A few newspapers featured photos of Frolich sculpting the Richfield Oil and Adohr Farms statues. Based on design similarities it is possible that additional statues found in Tessa are associated with the Art-vertising Corporation of America. A statue of a bull advertises Ye Bull Pen Inn, a steakhouse that featured a stockade theme with stalls for diners. Two locations, on Hope Street and Grand Avenue, around the corner from Central Library in the Mayflower Hotel, were advertised with statues. A statue of a bull advertising a steakhouse seems like a plausible representation while others require more context. The sculptural advertisement for the Horton & Converse chain of pharmacies is one such example. Charles S. Horton and Lawrence R. Converse, the pharmacists that started the company, chose the iconography of St. George slaying the dragon as the logo of their pharmacy. Their slogan, “Health Triumphant,” appears on the statue base. According to a company history, the logo and slogan implied the pharmacy’s goal of eliminating disease. It should be noted that Horton & Converse is still in business although they now provide medical supplies instead of pharmaceuticals.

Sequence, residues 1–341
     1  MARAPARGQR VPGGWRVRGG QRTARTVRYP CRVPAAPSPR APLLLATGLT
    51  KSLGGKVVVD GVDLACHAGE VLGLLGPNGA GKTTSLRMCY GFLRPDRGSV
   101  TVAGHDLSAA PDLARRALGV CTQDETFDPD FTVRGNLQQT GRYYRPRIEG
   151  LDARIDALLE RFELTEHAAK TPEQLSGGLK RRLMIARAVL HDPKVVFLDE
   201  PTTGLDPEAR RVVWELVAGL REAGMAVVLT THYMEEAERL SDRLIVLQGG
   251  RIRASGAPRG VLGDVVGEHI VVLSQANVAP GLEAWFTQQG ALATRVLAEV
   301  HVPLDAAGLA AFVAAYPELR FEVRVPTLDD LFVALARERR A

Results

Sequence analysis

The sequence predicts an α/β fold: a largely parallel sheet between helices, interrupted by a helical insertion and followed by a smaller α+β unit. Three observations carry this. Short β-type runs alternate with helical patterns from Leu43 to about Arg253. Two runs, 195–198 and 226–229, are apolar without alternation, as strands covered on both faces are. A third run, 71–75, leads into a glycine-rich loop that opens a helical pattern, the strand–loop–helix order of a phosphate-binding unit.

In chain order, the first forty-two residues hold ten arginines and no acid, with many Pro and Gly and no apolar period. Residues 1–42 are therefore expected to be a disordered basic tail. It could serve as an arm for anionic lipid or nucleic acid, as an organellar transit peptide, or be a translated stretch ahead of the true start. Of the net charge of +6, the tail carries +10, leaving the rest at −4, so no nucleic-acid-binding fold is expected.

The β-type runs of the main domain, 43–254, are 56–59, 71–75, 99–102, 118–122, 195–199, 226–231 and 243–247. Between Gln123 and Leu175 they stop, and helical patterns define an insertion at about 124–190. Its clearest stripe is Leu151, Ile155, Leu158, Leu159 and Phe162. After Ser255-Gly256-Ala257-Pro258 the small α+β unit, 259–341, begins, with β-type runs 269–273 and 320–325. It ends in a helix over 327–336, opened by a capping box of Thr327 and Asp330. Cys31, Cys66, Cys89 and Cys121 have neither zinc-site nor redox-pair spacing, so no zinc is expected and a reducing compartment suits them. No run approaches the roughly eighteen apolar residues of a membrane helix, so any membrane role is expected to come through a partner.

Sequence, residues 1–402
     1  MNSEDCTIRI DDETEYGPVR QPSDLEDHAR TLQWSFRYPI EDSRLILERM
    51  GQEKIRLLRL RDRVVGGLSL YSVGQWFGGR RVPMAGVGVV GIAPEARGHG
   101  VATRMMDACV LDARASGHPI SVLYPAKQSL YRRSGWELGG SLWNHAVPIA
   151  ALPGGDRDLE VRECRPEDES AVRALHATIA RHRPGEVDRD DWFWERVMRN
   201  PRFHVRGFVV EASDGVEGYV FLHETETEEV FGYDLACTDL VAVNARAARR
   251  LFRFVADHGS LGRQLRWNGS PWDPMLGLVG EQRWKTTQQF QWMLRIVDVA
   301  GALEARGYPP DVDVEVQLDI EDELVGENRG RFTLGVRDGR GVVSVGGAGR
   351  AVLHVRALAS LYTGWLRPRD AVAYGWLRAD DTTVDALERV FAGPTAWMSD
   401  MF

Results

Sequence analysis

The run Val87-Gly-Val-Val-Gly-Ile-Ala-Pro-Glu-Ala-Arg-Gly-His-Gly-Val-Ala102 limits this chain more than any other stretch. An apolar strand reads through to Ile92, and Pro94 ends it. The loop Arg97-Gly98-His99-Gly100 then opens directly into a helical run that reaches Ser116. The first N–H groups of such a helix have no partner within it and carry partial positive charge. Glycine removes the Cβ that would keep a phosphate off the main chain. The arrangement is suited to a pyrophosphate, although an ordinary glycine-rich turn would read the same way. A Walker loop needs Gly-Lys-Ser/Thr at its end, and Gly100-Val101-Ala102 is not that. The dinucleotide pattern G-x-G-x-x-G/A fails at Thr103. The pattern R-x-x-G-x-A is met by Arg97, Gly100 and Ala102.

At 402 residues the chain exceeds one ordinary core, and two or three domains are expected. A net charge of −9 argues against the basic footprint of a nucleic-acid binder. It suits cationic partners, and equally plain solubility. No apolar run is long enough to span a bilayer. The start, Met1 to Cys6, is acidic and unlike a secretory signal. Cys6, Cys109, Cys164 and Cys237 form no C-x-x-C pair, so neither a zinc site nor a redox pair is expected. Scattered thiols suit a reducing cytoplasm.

Frolich and his art appear several times in the library's photo collection. This makes sense, based on Los Angeles newspaper accounts of Frolich’s extensive artistic output, high-spirited Bohemian parties, as well as the art clubs he started or belonged to. For instance, before researching Frolich I’d never heard of the Tower of Legends in Forest Lawn Glendale. The 1925 structure, designed by architect Charles H. Kyson, featured architectural sculptures by Frolich. Photos in Tessa show the Tower of Legends as a popular Easter service destination. Sadly it was demolished in 1948 and was replaced by the Hall of the Crucifixion-Resurrection. There are also great photos of Frolich at his Hollywood home and studio at 5152 La Vista Court, near Paramount Studio. Frolich designed the home and included his bas-relief of close friend, Jack London, in a prominent location on the facade. Frolich’s bas-relief led many to believe that London lived there at some point but alas the home was built years after the author’s death in 1916. The bas-relief is still there today and the home retains many other original features, such as a block and tackle winch beam that was used to move materials and sculptures between Frolich’s studio and the ground. The home was made a Historic-Cultural Monument in 2017.